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 Prince Bernhard and Arnhem

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Posts : 2411
Join date : 2012-01-01
Location : Belgium

PostSubject: Prince Bernhard and Arnhem   Mon 25 Jul 2016, 22:23

On the BBC Dirk Marinus and I did some research about a leak from the Dutch government in exile in Britain via the person of Prince Bernhard about the landing of Arnhem.
Did now a bit a new round of research to see how the question now is settled

Bernhard's chance to prove himself came in September 1944, when Wilhemina appointed him Commander-in-Chief of the Dutch Forces. The appointment was a ruse by Wilhemina, who feared that captured Dutch resisters would be shot by the retreating Germans as guerrillas. By incorporating them into the Allied forces under General Dwight Eisenhower, she hoped they would be treated as regular soldiers according to the rules of war. A few days later he set up his first headquarters at Diest, just across the border from Belgium. Almost immediately Bernhard became embroiled in controversy.
General Bernard Montgomery was planning an attack to establish a bridgehead across the Rhine at Arnhem. Bernhard later claimed that he and his Chief of Staff tried in vain to persuade Montgomery that the plan was too ambitious. However, after the defeat at Arnhem, it was alleged that there had been an intelligence leak from Bernhard's headquarters, via a Nazi double agent on Bernhard's staff called Christian Lindemans, who was arrested in November 1944. Bernhard protested that Lindemans only arrived at his headquarters three days after the landing at Arnhem. The affair rumbled on until 1986, when the Dutch government released its files on the case. These documents supported Bernhard's contention that he had been used as a scapegoat by the British for the Arnhem débâcle.

Of particular interest to us is the story of the betrayal of Operation Market Garden, which resulted in the Battle of Arnhem, popularized in a major motion picture (based on a book by Cornelius Ryan) “A Bridge Too Far.”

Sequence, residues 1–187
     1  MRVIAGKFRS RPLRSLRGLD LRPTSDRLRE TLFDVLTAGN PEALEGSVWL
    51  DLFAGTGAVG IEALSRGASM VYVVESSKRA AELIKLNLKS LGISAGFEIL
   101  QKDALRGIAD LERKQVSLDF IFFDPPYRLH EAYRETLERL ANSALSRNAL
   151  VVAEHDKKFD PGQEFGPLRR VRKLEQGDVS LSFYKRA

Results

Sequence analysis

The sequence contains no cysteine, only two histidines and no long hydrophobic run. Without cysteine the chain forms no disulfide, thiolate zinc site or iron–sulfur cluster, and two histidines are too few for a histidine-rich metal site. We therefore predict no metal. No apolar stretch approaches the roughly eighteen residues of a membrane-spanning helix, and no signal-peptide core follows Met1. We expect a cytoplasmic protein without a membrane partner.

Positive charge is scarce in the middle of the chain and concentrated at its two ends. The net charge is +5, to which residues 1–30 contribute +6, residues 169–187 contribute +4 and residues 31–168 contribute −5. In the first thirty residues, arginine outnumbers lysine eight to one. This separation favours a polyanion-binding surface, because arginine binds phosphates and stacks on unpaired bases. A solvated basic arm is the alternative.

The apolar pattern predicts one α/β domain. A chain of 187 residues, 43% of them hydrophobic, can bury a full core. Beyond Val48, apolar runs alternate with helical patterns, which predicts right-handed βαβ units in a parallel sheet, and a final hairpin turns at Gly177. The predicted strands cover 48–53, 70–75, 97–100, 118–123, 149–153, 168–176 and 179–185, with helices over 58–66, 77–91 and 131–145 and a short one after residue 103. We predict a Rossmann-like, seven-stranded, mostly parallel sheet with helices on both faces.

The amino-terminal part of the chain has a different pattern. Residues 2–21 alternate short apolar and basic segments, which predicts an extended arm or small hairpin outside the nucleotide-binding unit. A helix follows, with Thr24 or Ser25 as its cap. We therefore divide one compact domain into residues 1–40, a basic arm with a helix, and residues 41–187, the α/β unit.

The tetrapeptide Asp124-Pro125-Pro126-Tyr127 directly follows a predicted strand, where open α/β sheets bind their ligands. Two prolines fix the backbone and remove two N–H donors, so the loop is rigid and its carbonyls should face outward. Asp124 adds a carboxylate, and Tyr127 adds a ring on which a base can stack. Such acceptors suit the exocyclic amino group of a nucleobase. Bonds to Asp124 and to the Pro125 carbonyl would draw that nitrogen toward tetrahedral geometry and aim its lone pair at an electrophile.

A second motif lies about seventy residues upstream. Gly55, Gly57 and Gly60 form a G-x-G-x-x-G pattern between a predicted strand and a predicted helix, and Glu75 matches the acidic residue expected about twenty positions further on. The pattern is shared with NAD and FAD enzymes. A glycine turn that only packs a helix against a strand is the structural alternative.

British Field Marshal Bernard Montgomery envisioned the operation as a way to quickly bring the war to a conclusion. By dropping large numbers of airborne forces behind German lines to seize key bridges and facilitating the Allied advance, the plan was seen as a way to avoid a great number of casualties.
In the event, the operation was a disaster, with German forces slaughtering the paratroopers, many of them before they even landed. Postwar analysis has featured the probable betrayal of the battle plan to the Germans, often pinned on a Dutch resistance fighter named Christian Lindemans, code-named “King Kong.” 
In a book titled Betrayal at Arnhem, author Anne Laurens set forth information suggesting that King Kong was really “Lee Harvey Lindemans.” A celebrated resistance fighter, Lindemans was ordered to pose as a double agent, ostensibly betraying the resistance to the Germans, while retaining allegiance to the resistance as a “triple agent.”
Lindemans was then “left out in the cold” by his control structure, betrayed and labeled as a turncoat to the Gestapo and blamed for betraying the plans for Operation Market Garden to the enemy. He died in a psychiatric ward after the war.
Author Laurens points out that the German units that slaughtered the Allied forces were moving into position before Lindemans was ordered to ostensibly “go over to the enemy” and that he could not have been the agent of betrayal.
The actual “Traitor of Arnhem” had to have been someone else–in these quarters we feel that Bernhard is the most probable candidate.

But when you look at the "about us"

Some questionmarks?

Kind regards, Paul.
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Dirk Marinus

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Join date : 2016-02-03

PostSubject: Re: Prince Bernhard and Arnhem   Thu 28 Jul 2016, 16:55


  I'm working my way through the links and yes there is quite a bit of information which over the years have come to light.

Most of the people involved in all the allegations , and those connected with the operation are dead thus we will never know what exactly happened but it is generally accepted that Prince Bernard was a bit of a dark horse and American and British intelligence services did NOT trust him.

But being a royal he got away with it all.

Yet even after the war and in private live he was involved in situations which was frowned upon by many.
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Gilgamesh of Uruk

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Join date : 2011-12-27

PostSubject: Re: Prince Bernhard and Arnhem   Thu 28 Jul 2016, 20:07

I thought Ryan was now totally discredited? From people who have gamed this operation, the general agreement is that it was less "a bridge too far" more "too far from the bridge" - and a few hours later, the panzers would have been well on the way by train, and would have been unable to intervene until too late.
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